Enabling environmentally focused community groups responding to climate change: Practices of co-governance in developing and implementing policy in complex and dynamic settings

Stream: Funding and organising service delivery
Date: Monday, 9 September 2019
Time: 1.30 pm – 3.10 pm


The overwhelming evidence of impacts from fossil fuel emissions, practices of natural resource exploitation and urban development present a devastating picture of dynamic intertwined social-ecological disasters. We are ill prepared to address the complexity of issues that span the gauntlet of access to basic resources and the social, economic and cultural systems people rely on for health and wellbeing. In a rapidly changing world social policies need to bridge diverse portfolios in holistic, participatory and decentralized ways to create real transformation. People volunteering in community groups play a significant role in creating social change. Yet, while recognised as ‘stakeholders’, effectively supporting participation and the ‘work’ of people in environmentally focused community groups, is inhibited by outdated concepts and top down processes. Findings from a PhD research project on civic participation and community collaboration in responding to climate change highlight the diverse challenges community groups face. Researching people in community groups is largely siloed by labels of volunteer, advocate, activist, public engagement, social movements and segregated by domains such as conservation, NRM, community, waste management. Spanning different groups in a North Australian urban setting, this research explored a spectrum of civic participation and activity foci. Using a robust qualitative research design the aim was to uncover how power relations inform understandings of, and actions within, the psycho-social-ecological systems and governance settings of community led environmental volunteer groups. Insights for making sense of local contexts and practices of co-governance in developing and implementing policy will be discussed.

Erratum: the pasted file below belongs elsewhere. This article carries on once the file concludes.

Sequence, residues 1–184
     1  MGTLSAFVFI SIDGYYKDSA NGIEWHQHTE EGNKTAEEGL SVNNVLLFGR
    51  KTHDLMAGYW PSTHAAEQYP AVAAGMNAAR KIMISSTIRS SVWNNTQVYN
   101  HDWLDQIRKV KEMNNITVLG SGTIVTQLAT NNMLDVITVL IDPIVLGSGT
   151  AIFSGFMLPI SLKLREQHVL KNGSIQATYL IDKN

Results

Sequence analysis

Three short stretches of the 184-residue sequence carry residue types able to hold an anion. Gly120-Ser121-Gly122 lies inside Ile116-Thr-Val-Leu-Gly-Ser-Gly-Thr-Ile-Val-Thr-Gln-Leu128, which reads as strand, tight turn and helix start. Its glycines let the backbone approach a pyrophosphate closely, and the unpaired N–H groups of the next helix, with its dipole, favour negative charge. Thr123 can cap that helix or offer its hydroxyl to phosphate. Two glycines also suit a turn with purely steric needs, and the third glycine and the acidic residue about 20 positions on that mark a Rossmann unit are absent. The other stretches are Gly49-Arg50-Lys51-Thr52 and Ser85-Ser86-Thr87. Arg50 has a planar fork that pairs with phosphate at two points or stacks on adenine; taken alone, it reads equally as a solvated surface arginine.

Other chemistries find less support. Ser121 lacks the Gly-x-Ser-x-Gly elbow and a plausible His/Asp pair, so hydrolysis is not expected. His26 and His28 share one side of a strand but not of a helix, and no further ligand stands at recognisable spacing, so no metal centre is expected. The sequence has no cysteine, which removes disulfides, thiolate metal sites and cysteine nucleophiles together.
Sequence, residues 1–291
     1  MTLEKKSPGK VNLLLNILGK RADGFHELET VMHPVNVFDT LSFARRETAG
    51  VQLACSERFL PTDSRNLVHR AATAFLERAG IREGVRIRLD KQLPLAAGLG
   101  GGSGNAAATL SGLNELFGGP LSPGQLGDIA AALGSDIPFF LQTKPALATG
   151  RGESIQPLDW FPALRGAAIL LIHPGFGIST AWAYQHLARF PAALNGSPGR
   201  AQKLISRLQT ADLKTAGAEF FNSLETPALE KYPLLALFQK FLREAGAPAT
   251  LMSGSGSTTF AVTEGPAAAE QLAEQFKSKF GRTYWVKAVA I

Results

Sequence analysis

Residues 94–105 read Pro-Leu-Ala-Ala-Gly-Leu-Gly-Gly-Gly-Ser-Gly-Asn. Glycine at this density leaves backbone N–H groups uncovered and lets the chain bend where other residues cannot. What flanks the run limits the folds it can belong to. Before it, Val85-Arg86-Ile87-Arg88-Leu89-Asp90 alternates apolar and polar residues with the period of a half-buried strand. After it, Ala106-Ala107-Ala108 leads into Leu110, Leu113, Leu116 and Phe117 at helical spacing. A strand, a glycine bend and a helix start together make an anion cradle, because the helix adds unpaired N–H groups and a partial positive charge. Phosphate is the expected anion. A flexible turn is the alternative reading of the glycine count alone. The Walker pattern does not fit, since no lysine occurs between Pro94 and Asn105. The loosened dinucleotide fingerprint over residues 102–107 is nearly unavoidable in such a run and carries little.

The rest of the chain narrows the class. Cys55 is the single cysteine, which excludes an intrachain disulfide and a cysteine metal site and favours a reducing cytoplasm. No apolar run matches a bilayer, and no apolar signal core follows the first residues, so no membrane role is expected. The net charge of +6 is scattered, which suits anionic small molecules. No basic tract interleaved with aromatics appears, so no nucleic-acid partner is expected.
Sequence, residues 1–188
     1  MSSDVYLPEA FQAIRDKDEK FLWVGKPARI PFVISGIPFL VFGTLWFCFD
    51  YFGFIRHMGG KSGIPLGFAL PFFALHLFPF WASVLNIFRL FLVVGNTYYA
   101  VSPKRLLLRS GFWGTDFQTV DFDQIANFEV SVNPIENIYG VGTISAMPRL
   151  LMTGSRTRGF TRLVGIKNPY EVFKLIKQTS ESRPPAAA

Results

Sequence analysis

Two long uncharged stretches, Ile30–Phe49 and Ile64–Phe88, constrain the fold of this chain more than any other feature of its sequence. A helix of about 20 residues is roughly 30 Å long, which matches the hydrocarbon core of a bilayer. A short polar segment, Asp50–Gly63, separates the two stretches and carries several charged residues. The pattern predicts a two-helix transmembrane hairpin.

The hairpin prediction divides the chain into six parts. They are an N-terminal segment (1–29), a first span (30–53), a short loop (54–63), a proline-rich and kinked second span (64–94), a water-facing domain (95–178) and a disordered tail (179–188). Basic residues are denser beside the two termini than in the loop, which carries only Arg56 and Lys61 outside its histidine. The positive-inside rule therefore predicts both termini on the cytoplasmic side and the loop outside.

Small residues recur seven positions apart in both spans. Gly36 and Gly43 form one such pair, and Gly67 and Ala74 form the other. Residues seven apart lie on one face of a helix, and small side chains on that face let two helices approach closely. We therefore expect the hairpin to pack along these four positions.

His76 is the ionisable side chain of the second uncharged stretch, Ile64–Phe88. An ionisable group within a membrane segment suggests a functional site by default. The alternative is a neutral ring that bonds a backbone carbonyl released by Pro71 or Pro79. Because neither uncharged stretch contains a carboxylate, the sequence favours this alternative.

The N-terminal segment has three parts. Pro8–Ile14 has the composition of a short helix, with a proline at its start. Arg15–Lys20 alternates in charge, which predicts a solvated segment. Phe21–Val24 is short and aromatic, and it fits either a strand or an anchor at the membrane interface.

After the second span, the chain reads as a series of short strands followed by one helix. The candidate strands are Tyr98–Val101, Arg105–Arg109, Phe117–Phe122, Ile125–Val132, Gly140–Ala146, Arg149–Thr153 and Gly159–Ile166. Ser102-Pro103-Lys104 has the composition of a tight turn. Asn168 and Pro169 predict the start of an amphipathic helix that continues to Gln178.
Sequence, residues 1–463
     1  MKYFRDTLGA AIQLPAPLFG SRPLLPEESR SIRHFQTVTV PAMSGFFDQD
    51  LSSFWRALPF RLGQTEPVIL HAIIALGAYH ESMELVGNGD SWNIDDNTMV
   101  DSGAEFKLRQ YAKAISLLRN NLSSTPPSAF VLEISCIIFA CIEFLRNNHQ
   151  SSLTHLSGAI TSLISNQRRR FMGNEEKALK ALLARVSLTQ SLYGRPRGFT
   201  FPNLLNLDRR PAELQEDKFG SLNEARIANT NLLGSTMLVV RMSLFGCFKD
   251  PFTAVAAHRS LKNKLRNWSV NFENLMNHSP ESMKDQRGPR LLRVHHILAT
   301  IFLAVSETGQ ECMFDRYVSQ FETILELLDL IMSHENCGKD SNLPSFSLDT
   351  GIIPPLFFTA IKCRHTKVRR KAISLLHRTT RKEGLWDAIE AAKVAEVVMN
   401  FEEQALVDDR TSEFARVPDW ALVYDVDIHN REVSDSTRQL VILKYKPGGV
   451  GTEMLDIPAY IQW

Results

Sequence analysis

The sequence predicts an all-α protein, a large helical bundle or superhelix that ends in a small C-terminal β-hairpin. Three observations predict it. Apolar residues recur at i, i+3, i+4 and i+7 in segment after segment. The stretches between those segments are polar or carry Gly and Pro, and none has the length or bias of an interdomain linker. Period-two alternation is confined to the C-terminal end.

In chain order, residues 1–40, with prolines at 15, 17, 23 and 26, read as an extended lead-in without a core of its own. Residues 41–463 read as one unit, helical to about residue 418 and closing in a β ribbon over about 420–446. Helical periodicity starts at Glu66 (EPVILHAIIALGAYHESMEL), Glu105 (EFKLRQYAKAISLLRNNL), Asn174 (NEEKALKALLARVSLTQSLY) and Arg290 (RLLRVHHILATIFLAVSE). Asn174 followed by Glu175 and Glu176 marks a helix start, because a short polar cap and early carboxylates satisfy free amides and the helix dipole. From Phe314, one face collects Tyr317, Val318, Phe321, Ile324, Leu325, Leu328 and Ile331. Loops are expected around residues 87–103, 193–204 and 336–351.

Rachel Tumminello (Presenter), College of Health and Human Sciences, Charles Darwin Univeristy
A self-declared ‘life-long volunteer’ Rachel Tumminello is currently a PhD candidate with Charles Darwin University. Her research is exploring how civic participation, with an emphasis on environmental volunteering, can inform our efforts for social transformation in the face of the disastrous impacts of climate change. Rachel has worked in non-profits, tertiary education and government organisations, gaining a wholistic understanding of community development and the third sector and the tensions between conservation and sustainability.

Douglas Paton, Charles Darwin University
Douglas Paton is a Professor in the College of Health Sciences/Discipline of Psychology specialising in disaster risk reduction and recovery. He is interested in researching all-hazards and cross cultural aspects of disaster risk reduction and disaster recovery. More specifically, his work examines the development and testing of universal theories that have international applicability. Douglas holds degrees in Psychology. He is published in Nature, Natural Hazards, Current Psychiatry Reports, and the International Journal of Disaster Risk Reduction.

Petra Buergelt, Charles Darwin University
Deputy Chair of the Group of Energy Efficient Researchers (GEER, Australia), a research fellow at the Joint Centre for Disaster Research (Massey University, NZ), and an international associate at the Centre for Applied Cross-Cultural Research (Victoria University, NZ). Petra’s research interest is human adaptation and transformation in research areas of natural extreme events and disasters, migration and Indigenous communities. Currently lecturing and researching at the University of Canberra, Petra is also an editorial board member of the International Journal of Multiple Research Approaches (since 2006), Disaster Communication (since 2016) and Journal of Psychology (since 2010).